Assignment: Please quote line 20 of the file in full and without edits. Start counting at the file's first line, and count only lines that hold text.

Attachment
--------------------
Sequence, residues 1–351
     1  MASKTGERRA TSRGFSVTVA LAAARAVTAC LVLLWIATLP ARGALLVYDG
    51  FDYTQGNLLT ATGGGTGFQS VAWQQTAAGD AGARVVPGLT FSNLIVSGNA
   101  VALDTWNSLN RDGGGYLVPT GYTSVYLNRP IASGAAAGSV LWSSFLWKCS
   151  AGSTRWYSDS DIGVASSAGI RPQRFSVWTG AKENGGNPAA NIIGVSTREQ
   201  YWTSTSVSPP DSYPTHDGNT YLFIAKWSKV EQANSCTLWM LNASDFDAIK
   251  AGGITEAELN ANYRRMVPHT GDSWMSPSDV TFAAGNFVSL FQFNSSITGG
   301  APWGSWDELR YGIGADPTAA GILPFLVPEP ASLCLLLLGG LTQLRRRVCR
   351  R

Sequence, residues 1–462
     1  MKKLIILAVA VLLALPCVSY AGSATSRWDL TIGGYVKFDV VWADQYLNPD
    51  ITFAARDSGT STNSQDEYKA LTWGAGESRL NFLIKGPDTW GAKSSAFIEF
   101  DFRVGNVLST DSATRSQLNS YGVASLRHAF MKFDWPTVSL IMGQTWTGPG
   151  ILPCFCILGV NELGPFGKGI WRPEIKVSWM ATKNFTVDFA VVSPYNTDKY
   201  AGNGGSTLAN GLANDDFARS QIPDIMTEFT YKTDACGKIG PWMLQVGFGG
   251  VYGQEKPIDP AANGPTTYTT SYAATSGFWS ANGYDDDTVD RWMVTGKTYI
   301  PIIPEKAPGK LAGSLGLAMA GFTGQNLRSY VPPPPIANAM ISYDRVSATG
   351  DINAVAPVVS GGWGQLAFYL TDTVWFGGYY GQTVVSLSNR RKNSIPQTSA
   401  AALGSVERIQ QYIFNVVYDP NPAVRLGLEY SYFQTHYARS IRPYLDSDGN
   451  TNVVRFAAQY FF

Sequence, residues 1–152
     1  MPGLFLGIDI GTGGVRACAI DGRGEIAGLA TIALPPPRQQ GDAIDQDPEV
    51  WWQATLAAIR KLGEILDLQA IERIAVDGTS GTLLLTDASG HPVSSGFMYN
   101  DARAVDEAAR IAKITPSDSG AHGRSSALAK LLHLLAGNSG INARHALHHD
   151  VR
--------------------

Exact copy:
   451  TNVVRFAAQY FF